Feeds

MS Office compulsory registration: does it really work?

According to a victim of the 'successful pilot,' not entirely...

  • alert
  • submit to reddit

Internet Security Threat Report 2014

The introduction of compulsory registration for Microsoft Office 2000 might raise spectres of Big Brother Redmond, but eye-witness accounts from the countries who're already on the receiving end of the system suggest Microsoft has a way to go before it ends up knowing everything about everybody. Australia, New Zealand and Brazil have been running with compulsory registration since O2k first shipped, but rather than being worrying, the process seems more clunky and humorous. The basic process is that you contact Microsoft with a 16 character code and some information when you're installing, and Microsoft then gives you an eight character unlock code. This can be done via Internet, fax, voice phone, or mail. A New Zealand Register reader chose voice, and at that point things started to get weird. About this information Microsoft wants - what is it? "'As little or as much information as you wish,' they said. 'What information do you want to know?' I enquired. 'Anything you want to tell us,' they said." You can imagine this kind of conversation going around and around forever, which is perhaps why Microsoft is now stressing that the only information it wants is the 16 character code and the country you're in. But the apparent nervousnessness of the New Zealand call centre jockeys makes it crystal clear that last year's storm over unique identification numbers in Windows 98 made a deep impression on Microsoft, and that at least for the moment the company really is concentrating on registration as an anti-priacy measure, rather than an exercise in information gathering. But there were more complications in our informant's experience. He was running a dual boot Win2k and Win98 machine, so needed to install Office 2000 on both partitions. Each install generates a unique 16 character code, which should match unique eight character keys supplied by Microsoft. So he has to do it twice, right? But thinking about it, he oughtn't to be able to do it twice without a posse showing up on his doorstep - if he's told Microsoft where his doorstep is, of course. None of this however seems exactly true. "I decided to keep the original key which MS gave me, and when I got a new install code generated on screen in Win98, decided to be a bit tricky and enter the same key as was given to me for Win2k." But although O2k is supposed to generate a different key for each install, it accepted the older one "but then automatically changed that key as soon as I typed it in." He phoned Microsoft again, pretended he hadn't entered the key, told them he was installing on Windows 98 and was given a new key. Which turned out to be exactly the same as the key Office 2000 was changing the old key to. This is of course impossible, as the key is supposed to be generated at the Microsoft call centre, not at the local machine - or is it? Whatever, we reckon Big Brotherdom won't be upon us until certain software companies get their systems under control. ® Related stories: Office 2k SR-1 makes registration with MS compulsory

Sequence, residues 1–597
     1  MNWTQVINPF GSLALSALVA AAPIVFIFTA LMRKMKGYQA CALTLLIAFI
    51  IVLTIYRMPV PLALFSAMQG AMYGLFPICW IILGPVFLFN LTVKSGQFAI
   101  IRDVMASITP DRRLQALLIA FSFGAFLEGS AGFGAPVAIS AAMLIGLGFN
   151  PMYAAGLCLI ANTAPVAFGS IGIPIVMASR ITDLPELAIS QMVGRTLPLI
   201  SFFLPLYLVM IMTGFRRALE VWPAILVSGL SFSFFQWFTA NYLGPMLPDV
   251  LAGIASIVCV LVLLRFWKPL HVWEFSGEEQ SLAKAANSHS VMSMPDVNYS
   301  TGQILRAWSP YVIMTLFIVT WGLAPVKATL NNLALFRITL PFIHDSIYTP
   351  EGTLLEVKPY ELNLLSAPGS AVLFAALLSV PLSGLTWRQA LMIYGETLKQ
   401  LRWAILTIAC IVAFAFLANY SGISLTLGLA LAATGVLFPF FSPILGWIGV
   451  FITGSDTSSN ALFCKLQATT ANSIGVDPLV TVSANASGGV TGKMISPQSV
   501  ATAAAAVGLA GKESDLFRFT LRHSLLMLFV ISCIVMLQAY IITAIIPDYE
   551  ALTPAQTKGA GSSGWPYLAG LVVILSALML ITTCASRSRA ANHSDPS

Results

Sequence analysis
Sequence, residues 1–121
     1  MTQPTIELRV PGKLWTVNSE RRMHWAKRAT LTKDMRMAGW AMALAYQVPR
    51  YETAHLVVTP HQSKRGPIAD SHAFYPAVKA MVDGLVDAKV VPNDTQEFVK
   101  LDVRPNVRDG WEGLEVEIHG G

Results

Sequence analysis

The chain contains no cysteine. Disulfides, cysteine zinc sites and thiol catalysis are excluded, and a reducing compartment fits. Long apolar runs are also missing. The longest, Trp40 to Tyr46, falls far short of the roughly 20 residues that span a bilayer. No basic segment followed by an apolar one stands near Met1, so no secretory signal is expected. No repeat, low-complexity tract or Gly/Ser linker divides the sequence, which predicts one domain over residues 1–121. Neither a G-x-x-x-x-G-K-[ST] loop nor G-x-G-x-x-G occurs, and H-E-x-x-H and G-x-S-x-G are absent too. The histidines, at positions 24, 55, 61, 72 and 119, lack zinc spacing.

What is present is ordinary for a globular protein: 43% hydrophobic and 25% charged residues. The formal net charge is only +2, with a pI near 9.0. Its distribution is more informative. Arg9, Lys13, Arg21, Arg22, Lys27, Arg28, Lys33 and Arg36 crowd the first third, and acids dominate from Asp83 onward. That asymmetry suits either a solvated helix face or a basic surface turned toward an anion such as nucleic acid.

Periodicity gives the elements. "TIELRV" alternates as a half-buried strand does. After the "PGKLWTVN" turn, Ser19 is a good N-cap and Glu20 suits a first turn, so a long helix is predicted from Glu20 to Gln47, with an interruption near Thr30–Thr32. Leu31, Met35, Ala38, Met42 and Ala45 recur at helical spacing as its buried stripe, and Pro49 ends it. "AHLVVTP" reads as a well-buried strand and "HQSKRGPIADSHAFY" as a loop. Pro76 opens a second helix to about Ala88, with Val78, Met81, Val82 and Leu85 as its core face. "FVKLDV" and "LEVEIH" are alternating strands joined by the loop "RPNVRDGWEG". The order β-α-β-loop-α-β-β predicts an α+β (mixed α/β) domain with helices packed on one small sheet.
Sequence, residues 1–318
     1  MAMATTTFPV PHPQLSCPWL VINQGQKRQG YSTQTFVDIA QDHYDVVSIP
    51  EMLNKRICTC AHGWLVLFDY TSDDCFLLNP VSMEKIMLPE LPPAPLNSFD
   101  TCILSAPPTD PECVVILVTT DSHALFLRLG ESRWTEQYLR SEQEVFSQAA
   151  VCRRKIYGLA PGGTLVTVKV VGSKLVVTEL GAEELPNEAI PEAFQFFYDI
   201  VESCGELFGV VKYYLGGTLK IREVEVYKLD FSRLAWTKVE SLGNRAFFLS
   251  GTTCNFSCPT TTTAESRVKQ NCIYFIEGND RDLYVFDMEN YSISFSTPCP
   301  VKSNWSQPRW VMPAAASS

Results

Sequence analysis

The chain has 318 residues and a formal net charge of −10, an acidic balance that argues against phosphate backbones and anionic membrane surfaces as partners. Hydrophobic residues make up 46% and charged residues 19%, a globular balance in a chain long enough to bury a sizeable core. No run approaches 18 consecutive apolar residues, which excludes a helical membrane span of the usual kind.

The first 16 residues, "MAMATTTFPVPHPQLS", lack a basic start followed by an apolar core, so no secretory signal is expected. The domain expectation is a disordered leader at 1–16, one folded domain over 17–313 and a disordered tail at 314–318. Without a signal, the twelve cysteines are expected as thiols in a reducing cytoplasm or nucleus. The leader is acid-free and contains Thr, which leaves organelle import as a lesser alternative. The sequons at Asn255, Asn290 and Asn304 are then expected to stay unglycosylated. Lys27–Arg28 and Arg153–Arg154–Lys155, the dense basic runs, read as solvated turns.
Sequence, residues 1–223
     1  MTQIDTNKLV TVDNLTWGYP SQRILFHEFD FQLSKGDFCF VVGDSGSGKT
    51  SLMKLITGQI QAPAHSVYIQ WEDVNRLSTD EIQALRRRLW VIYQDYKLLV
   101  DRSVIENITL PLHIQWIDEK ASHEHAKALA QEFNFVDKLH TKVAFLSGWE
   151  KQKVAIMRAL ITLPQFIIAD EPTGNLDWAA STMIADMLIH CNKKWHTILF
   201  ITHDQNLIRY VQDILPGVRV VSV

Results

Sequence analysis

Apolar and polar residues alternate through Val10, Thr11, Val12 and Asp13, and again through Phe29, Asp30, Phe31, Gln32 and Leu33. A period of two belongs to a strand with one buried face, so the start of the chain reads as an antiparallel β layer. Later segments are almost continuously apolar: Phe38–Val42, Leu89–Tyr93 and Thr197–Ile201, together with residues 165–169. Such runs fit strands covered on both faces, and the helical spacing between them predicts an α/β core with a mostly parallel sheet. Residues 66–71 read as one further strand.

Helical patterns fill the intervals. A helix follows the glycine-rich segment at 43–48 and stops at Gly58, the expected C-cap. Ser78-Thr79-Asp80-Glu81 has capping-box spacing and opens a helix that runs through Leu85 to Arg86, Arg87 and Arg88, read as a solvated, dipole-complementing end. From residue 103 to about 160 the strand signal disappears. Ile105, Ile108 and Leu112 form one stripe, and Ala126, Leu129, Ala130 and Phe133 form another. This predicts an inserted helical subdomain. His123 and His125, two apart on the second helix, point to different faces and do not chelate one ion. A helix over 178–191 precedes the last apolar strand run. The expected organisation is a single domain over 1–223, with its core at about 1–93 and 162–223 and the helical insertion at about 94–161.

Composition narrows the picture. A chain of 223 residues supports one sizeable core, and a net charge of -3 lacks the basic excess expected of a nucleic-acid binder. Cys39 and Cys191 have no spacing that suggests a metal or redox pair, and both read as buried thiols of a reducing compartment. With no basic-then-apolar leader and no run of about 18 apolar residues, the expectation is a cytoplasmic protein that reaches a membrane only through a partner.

Intelligent flash storage arrays

More from The Register

next story
I'll be back (and forward): Hollywood's time travel tribulations
Quick, call the Time Cops to sort out this paradox!
Musicians sue UK.gov over 'zero pay' copyright fix
Everyone else in Europe compensates us - why can't you?
Megaupload overlord Kim Dotcom: The US HAS RADICALISED ME!
Now my lawyers have bailed 'cos I'm 'OFFICIALLY' BROKE
MI6 oversight report on Lee Rigby murder: US web giants offer 'safe haven for TERRORISM'
PM urged to 'prioritise issue' after Facebook hindsight find
BT said to have pulled patent-infringing boxes from DSL network
Take your license demand and stick it in your ASSIA
Right to be forgotten should apply to Google.com too: EU
And hey - no need to tell the website you've de-listed. That'll make it easier ...
prev story

Whitepapers

Seattle children’s accelerates Citrix login times by 500% with cross-tier insight
Seattle Children’s is a leading research hospital with a large and growing Citrix XenDesktop deployment. See how they used ExtraHop to accelerate launch times.
5 critical considerations for enterprise cloud backup
Key considerations when evaluating cloud backup solutions to ensure adequate protection security and availability of enterprise data.
Forging a new future with identity relationship management
Learn about ForgeRock's next generation IRM platform and how it is designed to empower CEOS's and enterprises to engage with consumers.
High Performance for All
While HPC is not new, it has traditionally been seen as a specialist area – is it now geared up to meet more mainstream requirements?
Beginner's guide to SSL certificates
De-mystify the technology involved and give you the information you need to make the best decision when considering your online security options.